HARTFORD, Conn. (WTNH) — The state is poised to ban all flavored tobacco products. On Monday, lawmakers held a virtual public hearing in which more than 100 people signed up to testify.
One of those who testified was a young teen who says kids like to “rip” vape a flavored liquid and will go to extreme lengths to get it.
Greer Levy, a student from Greenwich, says using flavored tobacco is a daily occurrence for teens.
“Licking a lollipop or even chewing a piece of gum has now turned into ripping or inhaling a vape or Juul.”
Levy is part of the Greenwich Outreach Club. She says vaping runs rampant in Greenwich High School. And yes, she’s tried it.
“Just once because a coughing storm erupted and I never wanted my body to feel like that again it was scary.”
The bill would ban the sale of flavored tobacco products, not the possession. It’s illegal to purchase flavored tobacco products if you are under 21 in Connecticut. But some teens say older kids sell it on the bus, or they go to the corner store.
“They go in where they know the store owner won’t card them,” added Levy.
There are 1,200 convenience stores in our state. The bill also bans one of their popular sale items; menthol cigarettes. Responsible owners say there would be an estimated loss of $147 million in tax revenue to the state.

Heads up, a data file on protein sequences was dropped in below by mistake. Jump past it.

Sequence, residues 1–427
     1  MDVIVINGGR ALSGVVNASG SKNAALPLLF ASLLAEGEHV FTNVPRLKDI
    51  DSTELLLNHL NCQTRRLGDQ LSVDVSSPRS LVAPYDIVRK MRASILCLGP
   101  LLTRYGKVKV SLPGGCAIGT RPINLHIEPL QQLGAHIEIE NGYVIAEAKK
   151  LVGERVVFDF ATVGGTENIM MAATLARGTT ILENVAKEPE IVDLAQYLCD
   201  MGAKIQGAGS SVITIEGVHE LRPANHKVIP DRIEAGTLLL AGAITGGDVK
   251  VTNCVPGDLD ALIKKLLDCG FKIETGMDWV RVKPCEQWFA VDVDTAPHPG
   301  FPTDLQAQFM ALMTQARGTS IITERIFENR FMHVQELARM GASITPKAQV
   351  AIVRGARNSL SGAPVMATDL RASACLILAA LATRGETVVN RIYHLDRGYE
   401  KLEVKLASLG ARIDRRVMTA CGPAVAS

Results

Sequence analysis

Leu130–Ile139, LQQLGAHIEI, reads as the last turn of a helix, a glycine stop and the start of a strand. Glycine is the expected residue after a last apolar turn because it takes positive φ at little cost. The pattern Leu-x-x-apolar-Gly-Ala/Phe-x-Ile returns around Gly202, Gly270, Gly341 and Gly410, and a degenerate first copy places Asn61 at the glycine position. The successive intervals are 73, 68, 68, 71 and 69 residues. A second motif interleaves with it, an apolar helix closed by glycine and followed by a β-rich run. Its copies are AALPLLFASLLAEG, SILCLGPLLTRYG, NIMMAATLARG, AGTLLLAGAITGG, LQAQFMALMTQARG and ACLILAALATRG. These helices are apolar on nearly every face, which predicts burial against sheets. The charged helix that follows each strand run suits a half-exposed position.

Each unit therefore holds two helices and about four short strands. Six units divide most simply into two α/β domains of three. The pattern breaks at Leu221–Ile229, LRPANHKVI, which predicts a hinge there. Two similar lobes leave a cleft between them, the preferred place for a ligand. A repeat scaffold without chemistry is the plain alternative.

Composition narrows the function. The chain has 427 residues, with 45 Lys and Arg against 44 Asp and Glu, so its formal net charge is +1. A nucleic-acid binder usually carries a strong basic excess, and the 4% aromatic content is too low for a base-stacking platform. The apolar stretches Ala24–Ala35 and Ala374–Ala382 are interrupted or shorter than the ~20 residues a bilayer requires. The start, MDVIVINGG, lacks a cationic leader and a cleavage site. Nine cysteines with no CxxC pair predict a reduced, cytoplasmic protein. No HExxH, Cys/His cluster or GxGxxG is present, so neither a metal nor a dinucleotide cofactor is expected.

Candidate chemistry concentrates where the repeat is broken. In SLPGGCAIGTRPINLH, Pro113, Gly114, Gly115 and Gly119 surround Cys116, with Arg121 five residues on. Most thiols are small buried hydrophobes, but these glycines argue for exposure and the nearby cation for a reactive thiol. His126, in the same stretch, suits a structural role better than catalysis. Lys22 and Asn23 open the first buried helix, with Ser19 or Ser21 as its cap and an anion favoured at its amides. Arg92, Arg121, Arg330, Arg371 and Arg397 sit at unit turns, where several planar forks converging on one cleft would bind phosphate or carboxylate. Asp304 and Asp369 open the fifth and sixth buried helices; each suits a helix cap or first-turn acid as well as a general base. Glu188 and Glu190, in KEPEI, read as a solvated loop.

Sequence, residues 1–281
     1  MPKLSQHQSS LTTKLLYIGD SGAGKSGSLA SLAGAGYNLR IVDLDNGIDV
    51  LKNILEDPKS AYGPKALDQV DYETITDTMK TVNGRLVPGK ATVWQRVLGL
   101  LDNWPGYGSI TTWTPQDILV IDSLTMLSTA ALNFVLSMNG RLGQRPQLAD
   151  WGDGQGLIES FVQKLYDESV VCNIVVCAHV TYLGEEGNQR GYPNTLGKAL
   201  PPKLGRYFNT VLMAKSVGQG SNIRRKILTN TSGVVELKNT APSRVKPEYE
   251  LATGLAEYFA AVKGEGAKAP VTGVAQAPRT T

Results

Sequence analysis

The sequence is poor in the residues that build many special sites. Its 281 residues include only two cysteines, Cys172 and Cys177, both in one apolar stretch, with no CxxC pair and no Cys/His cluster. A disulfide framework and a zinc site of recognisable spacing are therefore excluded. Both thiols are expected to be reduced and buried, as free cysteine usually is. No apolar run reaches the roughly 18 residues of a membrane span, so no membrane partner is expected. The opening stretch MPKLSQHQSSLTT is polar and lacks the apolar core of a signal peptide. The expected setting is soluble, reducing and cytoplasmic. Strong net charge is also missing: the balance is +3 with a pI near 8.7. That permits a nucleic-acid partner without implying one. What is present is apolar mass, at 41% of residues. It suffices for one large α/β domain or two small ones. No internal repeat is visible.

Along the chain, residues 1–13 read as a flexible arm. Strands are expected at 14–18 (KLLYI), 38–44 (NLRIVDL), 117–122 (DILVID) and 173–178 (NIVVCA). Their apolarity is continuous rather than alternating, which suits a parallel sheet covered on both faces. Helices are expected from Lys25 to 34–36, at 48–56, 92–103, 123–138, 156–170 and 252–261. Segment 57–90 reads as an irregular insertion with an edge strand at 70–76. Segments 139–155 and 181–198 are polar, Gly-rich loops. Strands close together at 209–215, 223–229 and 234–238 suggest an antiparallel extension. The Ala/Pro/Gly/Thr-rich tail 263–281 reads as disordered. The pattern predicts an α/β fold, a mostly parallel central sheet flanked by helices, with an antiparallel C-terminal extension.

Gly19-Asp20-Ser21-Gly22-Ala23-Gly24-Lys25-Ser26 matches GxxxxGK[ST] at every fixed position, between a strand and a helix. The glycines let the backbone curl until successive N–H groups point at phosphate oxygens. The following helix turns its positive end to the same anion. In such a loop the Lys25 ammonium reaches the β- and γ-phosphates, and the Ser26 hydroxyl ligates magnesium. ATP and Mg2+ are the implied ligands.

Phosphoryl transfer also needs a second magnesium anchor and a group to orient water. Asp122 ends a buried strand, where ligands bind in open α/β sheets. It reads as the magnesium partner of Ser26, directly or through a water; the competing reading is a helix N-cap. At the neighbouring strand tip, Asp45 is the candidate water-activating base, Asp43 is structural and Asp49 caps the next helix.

Nurul Alam, the owner of several Foodland stores says, “We can’t change their habits but we will be losing our losing our volume, our sales.”
But those in the minority community say they’re targeted with coupons like this so menthols are cheaper.
“The predatory marketing of these products should be stopped and recognized as a social injustice issue,” said Dr. Phillip Gardiner from the African American Tobacco Control Leadership Council. The California-based group was formed by researchers and community activists.
23 state attorneys general including Connecticut’s are calling on the Food and Drug Administration to ban menthol cigarettes.
State Representative Jonathan Steinberg, the Democratic Chair of the legislature’s Public Health Committee says, “The cost to the state may be higher than revenues we are losing.”
A Trumbull mom testified on the virtual hearing and told lawmakers she agrees with the all-out ban.
“Kids don’t think anything of it. It’s horrible, believe me, and they’re gonna get it. They’re sneaky. Teens are sneaky,” remarked Barbara Rudini.
$440 million in tobacco tax revenues comes into the state every year. Many on the hearing asked lawmakers to create a lockbox so some of the money goes to addiction programs and doesn’t get swiped for use in the general fund.
That practice has been used in past administrations that took funds from big tobacco settlements to balance the state budget.